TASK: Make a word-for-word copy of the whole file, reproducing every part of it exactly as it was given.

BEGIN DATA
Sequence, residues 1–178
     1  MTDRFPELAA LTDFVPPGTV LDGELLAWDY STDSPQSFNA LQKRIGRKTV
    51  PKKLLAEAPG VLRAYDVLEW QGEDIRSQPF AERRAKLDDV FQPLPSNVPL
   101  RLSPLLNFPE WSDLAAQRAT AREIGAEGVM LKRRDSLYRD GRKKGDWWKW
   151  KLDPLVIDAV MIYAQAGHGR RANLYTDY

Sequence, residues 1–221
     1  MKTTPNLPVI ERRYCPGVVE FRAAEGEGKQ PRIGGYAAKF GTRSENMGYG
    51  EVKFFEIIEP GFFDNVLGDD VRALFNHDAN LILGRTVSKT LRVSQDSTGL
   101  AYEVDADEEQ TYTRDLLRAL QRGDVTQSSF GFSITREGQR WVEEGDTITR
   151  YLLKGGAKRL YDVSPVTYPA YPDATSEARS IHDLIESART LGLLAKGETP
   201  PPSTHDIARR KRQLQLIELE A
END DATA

Sequence, residues 1–178
     1  MTDRFPELAA LTDFVPPGTV LDGELLAWDY STDSPQSFNA LQKRIGRKTV
    51  PKKLLAEAPG VLRAYDVLEW QGEDIRSQPF AERRAKLDDV FQPLPSNVPL
   101  RLSPLLNFPE WSDLAAQRAT AREIGAEGVM LKRRDSLYRD GRKKGDWWKW
   151  KLDPLVIDAV MIYAQAGHGR RANLYTDY

Sequence, residues 1–221
     1  MKTTPNLPVI ERRYCPGVVE FRAAEGEGKQ PRIGGYAAKF GTRSENMGYG
    51  EVKFFEIIEP GFFDNVLGDD VRALFNHDAN LILGRTVSKT LRVSQDSTGL
   101  AYEVDADEEQ TYTRDLLRAL QRGDVTQSSF GFSITREGQR WVEEGDTITR
   151  YLLKGGAKRL YDVSPVTYPA YPDATSEARS IHDLIESART LGLLAKGETP
   201  PPSTHDIARR KRQLQLIELE A